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Genetic variations of nucleoprotein gene of influenza A viruses isolated from swine in Thailand
Nattakarn Thippamom, Donreuthai Sreta, Pravina Kitikoon, Roongroje Thanawongnuwech, Yong Poovorawan, Apiradee Theamboonlers, Kamol Suwannakarn, Sujira Parchariyanon, Sudarat Damrongwatanapokin, Alongkorn Amonsin
Virology Journal , 2010, DOI: 10.1186/1743-422x-7-185
Abstract: Twelve influenza A virus specimens were isolated from Thai swine. All samples were subjected to nucleotide sequencing of the complete NP gene. Phylogenetic analysis was conducted by comparing the NP gene of swine influenza viruses with that of seasonal and pandemic human viruses and highly pathogenic avian viruses from Thailand (n = 77). Phylogenetic analysis showed that the NP gene from different host species clustered in distinct host specific lineages. The NP gene of swine influenza viruses clustered in either Eurasian swine or Classical swine lineages. Genetic analysis of the NP gene suggested that swine influenza viruses circulating in Thailand display 4 amino acids unique to Eurasian and Classical swine lineages. In addition, the result showed 1 and 5 amino acids unique to avian and human lineages, respectively. Furthermore, nucleotide substitution rates showed that the NP gene is highly conserved especially in avian influenza viruses.The NP gene sequence of influenza A in Thailand is highly conserved within host-specific lineages and shows amino acids potentially unique to distinct NP lineages. This information can be used to investigate potential interspecies transmission of influenza A viruses. In addition, the genetic variations of the NP gene will be useful for monitoring the viruses and preparing effective prevention and control strategies for potentially pandemic influenza outbreaks.Influenza A virus poses a serious threat to public health worldwide, particularly the virus circulating in humans and animal species such as birds, pigs and horses. Influenza A subtypes H1-3 and N1-2 have been circulating in the human population, while Influenza A subtypes H1 and 3 and N1-2 have been reported in swine. On the other hand, all H1-16 and N1-9 can be found in avian species [1,2]. The virus genome contains 8 segments of single-stranded RNA that encode 10-11 proteins. Among those genes, the NP gene plays a major role with regard to host range or host species barri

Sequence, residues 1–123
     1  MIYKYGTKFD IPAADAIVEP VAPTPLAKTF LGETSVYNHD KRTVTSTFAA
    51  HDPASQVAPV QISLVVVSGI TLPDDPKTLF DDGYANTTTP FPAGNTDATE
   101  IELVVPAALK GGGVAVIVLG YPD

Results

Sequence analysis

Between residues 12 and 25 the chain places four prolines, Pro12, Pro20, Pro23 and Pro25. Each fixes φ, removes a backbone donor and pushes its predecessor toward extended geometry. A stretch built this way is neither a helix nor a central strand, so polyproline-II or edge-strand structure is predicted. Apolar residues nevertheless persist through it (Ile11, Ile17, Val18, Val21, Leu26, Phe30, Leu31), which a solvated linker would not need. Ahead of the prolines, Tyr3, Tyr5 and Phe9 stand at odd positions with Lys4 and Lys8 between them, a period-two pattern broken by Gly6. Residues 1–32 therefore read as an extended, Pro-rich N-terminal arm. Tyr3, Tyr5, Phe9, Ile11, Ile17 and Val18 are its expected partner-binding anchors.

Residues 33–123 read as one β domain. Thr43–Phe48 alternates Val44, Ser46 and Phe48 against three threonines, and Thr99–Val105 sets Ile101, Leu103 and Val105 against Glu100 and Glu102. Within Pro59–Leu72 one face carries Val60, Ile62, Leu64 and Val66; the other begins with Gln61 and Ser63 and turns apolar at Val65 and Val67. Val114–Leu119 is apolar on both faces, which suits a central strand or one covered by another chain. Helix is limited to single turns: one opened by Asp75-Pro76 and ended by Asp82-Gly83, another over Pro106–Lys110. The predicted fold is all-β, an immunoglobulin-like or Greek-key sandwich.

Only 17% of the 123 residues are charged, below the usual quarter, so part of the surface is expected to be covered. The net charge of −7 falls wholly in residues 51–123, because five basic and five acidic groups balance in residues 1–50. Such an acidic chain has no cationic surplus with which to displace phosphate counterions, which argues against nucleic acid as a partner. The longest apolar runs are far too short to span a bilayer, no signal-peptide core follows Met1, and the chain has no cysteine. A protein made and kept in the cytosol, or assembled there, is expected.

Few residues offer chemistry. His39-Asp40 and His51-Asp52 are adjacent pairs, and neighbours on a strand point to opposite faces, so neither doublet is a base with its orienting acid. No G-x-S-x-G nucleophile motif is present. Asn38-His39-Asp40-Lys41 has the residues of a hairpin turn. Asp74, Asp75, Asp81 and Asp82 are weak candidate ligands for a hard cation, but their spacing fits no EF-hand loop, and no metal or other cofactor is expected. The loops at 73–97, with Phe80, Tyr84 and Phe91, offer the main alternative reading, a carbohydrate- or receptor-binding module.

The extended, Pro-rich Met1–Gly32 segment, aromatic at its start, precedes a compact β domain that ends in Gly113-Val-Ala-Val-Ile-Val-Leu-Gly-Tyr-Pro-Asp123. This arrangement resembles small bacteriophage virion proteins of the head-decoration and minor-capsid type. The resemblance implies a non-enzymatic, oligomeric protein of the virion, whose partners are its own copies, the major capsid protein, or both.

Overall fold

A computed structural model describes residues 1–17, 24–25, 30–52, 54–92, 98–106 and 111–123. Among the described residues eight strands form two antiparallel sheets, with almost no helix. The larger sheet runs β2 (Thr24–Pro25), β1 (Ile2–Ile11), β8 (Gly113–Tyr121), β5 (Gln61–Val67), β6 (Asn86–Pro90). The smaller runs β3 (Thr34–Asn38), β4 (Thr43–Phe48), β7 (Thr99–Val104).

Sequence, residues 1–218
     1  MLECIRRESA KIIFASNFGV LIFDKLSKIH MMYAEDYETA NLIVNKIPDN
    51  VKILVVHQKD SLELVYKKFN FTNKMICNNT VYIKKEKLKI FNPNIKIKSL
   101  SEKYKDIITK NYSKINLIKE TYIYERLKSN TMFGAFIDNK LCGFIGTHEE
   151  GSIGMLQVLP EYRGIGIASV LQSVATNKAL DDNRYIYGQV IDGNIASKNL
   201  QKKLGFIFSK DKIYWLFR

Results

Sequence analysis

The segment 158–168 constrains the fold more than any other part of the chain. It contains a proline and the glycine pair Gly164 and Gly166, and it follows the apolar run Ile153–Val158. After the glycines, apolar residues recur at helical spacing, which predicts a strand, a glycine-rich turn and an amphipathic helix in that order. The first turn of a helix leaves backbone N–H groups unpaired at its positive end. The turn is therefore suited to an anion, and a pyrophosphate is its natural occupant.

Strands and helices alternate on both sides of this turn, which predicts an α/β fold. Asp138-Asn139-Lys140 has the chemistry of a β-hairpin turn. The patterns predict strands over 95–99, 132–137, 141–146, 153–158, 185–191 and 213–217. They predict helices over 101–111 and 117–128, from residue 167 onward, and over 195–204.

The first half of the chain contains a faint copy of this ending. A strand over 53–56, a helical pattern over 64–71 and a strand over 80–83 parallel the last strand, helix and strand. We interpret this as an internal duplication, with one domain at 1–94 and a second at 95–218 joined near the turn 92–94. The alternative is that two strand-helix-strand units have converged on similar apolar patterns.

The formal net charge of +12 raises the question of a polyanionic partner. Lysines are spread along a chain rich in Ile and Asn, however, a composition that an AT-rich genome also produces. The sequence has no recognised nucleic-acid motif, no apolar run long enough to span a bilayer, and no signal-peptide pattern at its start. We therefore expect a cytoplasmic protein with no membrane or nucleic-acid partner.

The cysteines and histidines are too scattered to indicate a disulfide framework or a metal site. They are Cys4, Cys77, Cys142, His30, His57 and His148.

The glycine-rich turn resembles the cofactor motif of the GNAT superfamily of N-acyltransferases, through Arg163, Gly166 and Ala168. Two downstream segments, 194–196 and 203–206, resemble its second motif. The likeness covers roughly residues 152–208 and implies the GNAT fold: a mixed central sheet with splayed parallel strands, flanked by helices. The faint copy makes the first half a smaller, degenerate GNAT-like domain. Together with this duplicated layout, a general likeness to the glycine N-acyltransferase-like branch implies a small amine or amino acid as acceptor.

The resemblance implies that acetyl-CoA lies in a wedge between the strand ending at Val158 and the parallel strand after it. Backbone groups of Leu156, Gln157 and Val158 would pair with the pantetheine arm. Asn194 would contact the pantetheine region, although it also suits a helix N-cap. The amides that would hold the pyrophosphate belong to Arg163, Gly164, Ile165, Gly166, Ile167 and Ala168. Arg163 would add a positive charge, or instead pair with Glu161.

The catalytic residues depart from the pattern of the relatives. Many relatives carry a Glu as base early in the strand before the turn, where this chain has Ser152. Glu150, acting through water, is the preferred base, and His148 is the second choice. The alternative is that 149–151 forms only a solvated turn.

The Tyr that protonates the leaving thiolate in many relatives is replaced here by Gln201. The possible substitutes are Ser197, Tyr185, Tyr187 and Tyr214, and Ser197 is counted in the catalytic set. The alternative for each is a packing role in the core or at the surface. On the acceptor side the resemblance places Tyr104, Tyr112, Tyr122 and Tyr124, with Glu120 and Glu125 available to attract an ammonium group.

Pathogenesis of swine influenza virus (Thai isolates) in weanling pigs: an experimental trial
Donruethai Sreta, Roongtham Kedkovid, Sophon Tuamsang, Pravina Kitikoon, Roongroje Thanawongnuwech
Virology Journal , 2009, DOI: 10.1186/1743-422x-6-34
Abstract: The study found that all pigs in the infected groups developed typical signs of flu-like symptoms on 1–4 days post- infection (dpi). The H1N1-infected pigs had greater lung lesion scores than those of the H3N2-infected pigs. Histopathological lesions related to swine influenza-induced lesions consisting of epithelial cells damage, airway plugging and peribronchial and perivascular mononuclear cell infiltration were present in both infected groups. Immunofluorescence and immunohistochemistry using nucleoprotein specific monoclonal antibodies revealed positive staining cells in lung sections of both infected groups at 2 and 4 dpi. Virus shedding was detected at 2 dpi from both infected groups as demonstrated by RT-PCR and virus isolation.The results demonstrated that both SIV subtypes were able to induce flu-like symptoms and lung lesions in weanling pigs. However the severity of the diseases with regards to lung lesions both gross and microscopic lesions was greater in the H1N1-infected pigs. Based on phylogenetic analysis, haemagglutinin gene of subtype H1N1 from Thailand clustered with the classical H1 SIV sequences and neuraminidase gene clustered with virus of avian origin, whereas, both genes of H3N2 subtype clustered with H3N2 human-like SIV from the 1970s.Swine influenza is an acute, highly contagious, respiratory disease caused by type A influenza virus infection. Currently, 16 haemagglutinin (HA) subtypes and 9 neuraminidase (NA) subtypes are identified. Three main subtypes currently circulating in the pig population are classical swine influenza virus (SIV) and reassortant viruses of H1N1, H3N2 and H1N2 [1]. However, pigs can also be infected with other subtypes of influenza A viruses. Pig plays a substantially important role in the ecology of influenza A virus [2] since they can act as a 'mixing vessel'. When co-infections among human, avian or swine influenza viruses occur within a specific host, any new subtype can be produced by antigenic reassortment [
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